20 Dec 2013
The Australian Health Practitioner Regulation Agency (AHPRA) has launched a new data exchange service which will better protect the public, while saving time and money in the health sector.
Known as the practitioner information exchange (PIE), the service offers immediate access to AHPRA’s data about health practitioners that is currently published on the register of practitioners. The service enables bulk data-transfer about a number of selected practitioners (eg those employed in a particular hospital), while the public register is only searchable name by name.
Healthcare organisations in Australia face a daily requirement to make sure their health practitioners meet the standards set by health regulators and have up to date registration. Employers need to know about the registration status of the people they employ.
PIE makes sure up to date and accurate information about the registration status of health practitioners is available to the people who need it, when they need it. Often, this is the people managing or working with health practitioners. PIE also helps manage organisational risk and reduce employer costs.
‘The purpose of health practitioner regulation is to protect the public. This service will make it easier for health care organisations to make sure the registration data they hold about health practitioners working in their facilities is accurate and up to date,’ AHPRA CEO Martin Fletcher said.
AHPRA partnered with Melbourne’s Epworth hospital to pilot the new PIE service. As part of their accreditation and reference checking process, Epworth now receives electronic notification within 24 hours if any Epworth doctor’s national registration is cancelled, suspended, or restricted in any way.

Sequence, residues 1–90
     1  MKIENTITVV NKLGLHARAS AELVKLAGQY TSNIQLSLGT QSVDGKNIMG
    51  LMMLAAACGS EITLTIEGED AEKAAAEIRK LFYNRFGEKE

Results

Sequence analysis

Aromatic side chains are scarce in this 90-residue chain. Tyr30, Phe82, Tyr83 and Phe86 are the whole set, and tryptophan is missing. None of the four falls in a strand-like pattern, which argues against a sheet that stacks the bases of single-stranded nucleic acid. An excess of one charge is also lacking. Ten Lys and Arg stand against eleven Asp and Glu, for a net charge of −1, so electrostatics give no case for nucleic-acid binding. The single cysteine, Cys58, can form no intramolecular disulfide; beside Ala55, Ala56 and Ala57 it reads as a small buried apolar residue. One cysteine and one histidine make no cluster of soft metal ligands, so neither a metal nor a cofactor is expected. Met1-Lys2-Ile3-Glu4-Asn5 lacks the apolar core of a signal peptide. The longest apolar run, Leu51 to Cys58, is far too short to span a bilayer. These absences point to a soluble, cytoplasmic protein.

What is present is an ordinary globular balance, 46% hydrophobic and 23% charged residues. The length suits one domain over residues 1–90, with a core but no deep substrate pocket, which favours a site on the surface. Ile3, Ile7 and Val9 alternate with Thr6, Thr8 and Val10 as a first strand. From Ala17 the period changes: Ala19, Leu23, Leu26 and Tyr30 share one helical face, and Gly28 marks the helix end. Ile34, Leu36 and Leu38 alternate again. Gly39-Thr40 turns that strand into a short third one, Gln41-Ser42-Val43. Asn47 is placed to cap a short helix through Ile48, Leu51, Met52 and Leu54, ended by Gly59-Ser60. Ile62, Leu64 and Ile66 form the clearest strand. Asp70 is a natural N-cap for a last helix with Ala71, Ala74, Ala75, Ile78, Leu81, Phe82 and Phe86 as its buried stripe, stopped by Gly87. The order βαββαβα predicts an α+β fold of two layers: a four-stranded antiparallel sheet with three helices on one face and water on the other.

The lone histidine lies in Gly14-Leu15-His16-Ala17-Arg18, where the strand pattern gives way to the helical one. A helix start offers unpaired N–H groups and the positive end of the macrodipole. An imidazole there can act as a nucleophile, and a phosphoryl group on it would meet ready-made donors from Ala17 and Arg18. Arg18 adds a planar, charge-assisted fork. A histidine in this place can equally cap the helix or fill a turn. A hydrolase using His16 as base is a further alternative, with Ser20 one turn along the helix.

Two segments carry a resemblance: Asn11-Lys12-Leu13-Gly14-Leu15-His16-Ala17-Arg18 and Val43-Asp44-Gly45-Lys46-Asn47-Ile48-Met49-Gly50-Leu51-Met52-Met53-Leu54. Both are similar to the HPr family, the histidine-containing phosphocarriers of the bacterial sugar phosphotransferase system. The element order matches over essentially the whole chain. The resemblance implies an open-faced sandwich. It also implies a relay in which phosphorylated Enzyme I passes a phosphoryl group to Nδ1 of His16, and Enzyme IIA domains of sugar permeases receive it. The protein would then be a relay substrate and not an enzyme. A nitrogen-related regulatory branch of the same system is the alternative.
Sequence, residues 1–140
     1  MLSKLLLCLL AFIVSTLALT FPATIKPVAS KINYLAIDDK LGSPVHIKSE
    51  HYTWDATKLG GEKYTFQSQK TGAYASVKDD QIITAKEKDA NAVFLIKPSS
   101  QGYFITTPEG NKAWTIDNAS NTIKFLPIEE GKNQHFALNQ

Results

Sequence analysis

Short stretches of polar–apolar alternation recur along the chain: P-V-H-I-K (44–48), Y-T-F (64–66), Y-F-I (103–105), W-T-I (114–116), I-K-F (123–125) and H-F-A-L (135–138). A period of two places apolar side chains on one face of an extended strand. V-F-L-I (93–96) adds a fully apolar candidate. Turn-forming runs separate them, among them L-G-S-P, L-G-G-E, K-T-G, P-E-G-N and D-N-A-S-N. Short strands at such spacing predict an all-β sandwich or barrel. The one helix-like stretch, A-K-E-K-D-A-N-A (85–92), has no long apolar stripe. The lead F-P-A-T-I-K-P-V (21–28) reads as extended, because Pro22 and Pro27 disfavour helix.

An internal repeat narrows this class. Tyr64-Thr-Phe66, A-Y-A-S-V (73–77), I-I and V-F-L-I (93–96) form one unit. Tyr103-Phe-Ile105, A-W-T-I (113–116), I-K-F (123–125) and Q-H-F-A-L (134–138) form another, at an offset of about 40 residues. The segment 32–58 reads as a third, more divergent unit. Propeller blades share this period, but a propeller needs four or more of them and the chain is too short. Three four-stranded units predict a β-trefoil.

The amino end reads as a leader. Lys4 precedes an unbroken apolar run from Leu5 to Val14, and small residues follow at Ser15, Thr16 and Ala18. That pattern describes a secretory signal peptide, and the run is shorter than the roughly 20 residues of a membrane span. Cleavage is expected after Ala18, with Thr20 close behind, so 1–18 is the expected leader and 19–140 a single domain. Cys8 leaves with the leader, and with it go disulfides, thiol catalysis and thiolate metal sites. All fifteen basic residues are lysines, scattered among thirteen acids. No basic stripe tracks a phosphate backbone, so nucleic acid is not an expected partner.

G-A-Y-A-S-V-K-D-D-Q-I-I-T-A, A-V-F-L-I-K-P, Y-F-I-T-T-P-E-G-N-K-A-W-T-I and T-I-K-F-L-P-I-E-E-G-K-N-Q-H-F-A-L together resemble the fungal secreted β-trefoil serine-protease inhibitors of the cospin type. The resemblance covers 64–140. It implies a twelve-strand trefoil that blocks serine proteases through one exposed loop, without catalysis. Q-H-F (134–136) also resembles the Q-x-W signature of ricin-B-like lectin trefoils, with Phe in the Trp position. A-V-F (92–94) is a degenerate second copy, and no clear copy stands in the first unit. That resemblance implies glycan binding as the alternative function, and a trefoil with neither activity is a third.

Epworth’s Group Manager of Medical Services Liz Morton, said the quality of Epworth’s accreditation-related data has been greatly improved by PIE’s electronic and automated solution.
‘We can now conduct registration checks in minutes rather than days. We have also significantly improved our risk management and the system supports a high standard of clinical/professional governance,’ Ms Morton said.
The Victorian Registry of Births, Deaths and Marriages (BDM Victoria) is the most recent organisation to start using AHPRA’s PIE ‘Find’ service to automatically validate registered Victorian medical practitioners before they report a death.
BDM Victoria’s Director and Registrar Erin Keleher, said by simply entering their AHPRA number medical practitioners can now report a death more quickly and efficiently via the Medical Practitioner Online form.
‘Upon insertion of the medical practitioner's name and AHPRA number the registration will validate and the online form will open. This will allow the practitioner to proceed with entering the deceased person's data and completing the process by printing and signing the form,’ Ms Keleher said.
BDM Victoria register over 36,000 deaths per year.
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